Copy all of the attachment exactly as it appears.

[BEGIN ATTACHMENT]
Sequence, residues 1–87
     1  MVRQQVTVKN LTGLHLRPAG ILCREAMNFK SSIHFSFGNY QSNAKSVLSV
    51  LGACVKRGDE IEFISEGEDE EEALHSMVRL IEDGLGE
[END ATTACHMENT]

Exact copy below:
Sequence, residues 1–87
     1  MVRQQVTVKN LTGLHLRPAG ILCREAMNFK SSIHFSFGNY QSNAKSVLSV
    51  LGACVKRGDE IEFISEGEDE EEALHSMVRL IEDGLGE